Last week, I talked about how I’ve started to focus more on what my body can do, instead of what it looks like and how it’s given me a huge sense of appreciation for my body.
It’s just one of many things I’ve been doing on a regular basis to transform the way I feel about my body. Loving or liking your body is a “practice”. We practice yoga, we practice sports, we practice before giving a presentation or dance recital. And yes, changing how we feel about our bodies or how we feel around food requires creating a practice of sorts. Today I’m sharing the 3rd “practice” in my body image toolbox.
The third thing I’ve done is that I look for what is beautiful about other people’s bodies.
I started to purposely pay attention to what I liked about other people’s bodies.
Please note, this is not the same thing as comparing myself to other people’s bodies and this is not the same thing as compiling a list of bodies I like or body features I wish I had.
I don’t do “body inspo”.
Instead I tasked myself with finding something “good” about everyone I meet, rather than comparing myself to them.
Seeing a stranger and thinking about what nice eyes they have, how strong their shoulders look or liking how they carry themselves helps me to see the good things about my own body too.
When you are highly critical of yourself, often our first response with another person is to find things to tear down about them too (it’s not really about them, it’s about our own disgust with ourselves). If I think I’m fat, I may look at another person and decide if they are fatter or skinnier than I am. If I feel like my face is ugly, I may look at someone else and try to determine if they are worse looking than I am. I know it sound really screwed up and terrible to admit that on my worst days of body hatred, I’d sometimes look at other people and pick apart their features. It’s awful. I feel like a horrible person for admitting to that but I know that I’m not alone in this. I’ve had countless other women admit to me the same terrible habit. It’s the normal MO when we’re highly critical of ourselves. We do it to make ourselves feel better, but it honestly doesn’t do that – you then feel bad about your body still and now you feel like you’re a bad person for having these kind of thoughts about how someone else looks.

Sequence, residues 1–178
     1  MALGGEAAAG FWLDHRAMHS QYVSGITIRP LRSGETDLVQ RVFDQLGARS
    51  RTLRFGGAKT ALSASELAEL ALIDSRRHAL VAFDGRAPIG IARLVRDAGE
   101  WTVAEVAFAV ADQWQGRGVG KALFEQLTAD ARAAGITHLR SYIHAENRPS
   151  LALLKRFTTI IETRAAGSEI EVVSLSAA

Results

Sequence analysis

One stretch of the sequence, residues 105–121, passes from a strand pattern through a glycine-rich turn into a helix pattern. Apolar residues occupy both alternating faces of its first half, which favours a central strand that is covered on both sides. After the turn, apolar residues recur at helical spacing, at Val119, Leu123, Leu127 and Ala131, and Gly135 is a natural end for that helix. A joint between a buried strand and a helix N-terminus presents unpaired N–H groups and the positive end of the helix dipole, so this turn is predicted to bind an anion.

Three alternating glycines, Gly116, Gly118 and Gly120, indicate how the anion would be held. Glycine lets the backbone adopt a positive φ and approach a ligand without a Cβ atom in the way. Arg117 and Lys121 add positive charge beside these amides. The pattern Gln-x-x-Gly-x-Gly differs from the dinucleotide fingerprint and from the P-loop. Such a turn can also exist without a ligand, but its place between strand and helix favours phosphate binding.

I basically worked on doing the opposite. And it helps my body image in a big way. And I don’t feel like a jerk for the types of thoughts I have about other people anymore.
If I can take the time to find negative things about another person’s appearance, I can take time to find positive things about their appearance. Finding positive, charming and appealing things about every body I encounter has made me more gentle towards my own body and kinder and more gentle towards other people too.
I like this person so much better.
I’ve been doing this swap in behavior for so long now that it’s becoming automatic. I’m less likely to attack my own body and I’m less likely to try to build myself up by tearing someone else down. And this switch has been one of the easiest ones I’ve made (isn’t that rare in this body image / food relationship world!?).
If you try practicing this, be very conscious about whether or not you are finding good things about other people and then comparing for a lack of that quality in yourself. It’s a tricky line and we want to put that comparison part down. Just because someone else has a beautiful smile doesn’t mean that your smile needs improvement. One person’s appealing traits doesn’t mean there isn’t enough to go around for you. If you find looking for positives in other people’s physical appearance to be triggering (I definitely can see how it could be for some), then a better alternative would be to look for things you like about that person in general. Are they kind? Do they have a good heart? Do they seem genuine / sincere? etc. Sometimes we can sense these things in another even if we have just met them and looking for the glimmer of these good things in another can make you feel better about your fellow humans and that may translate into you being kinder to yourself too.
Keep an eye out for part 4 next week!
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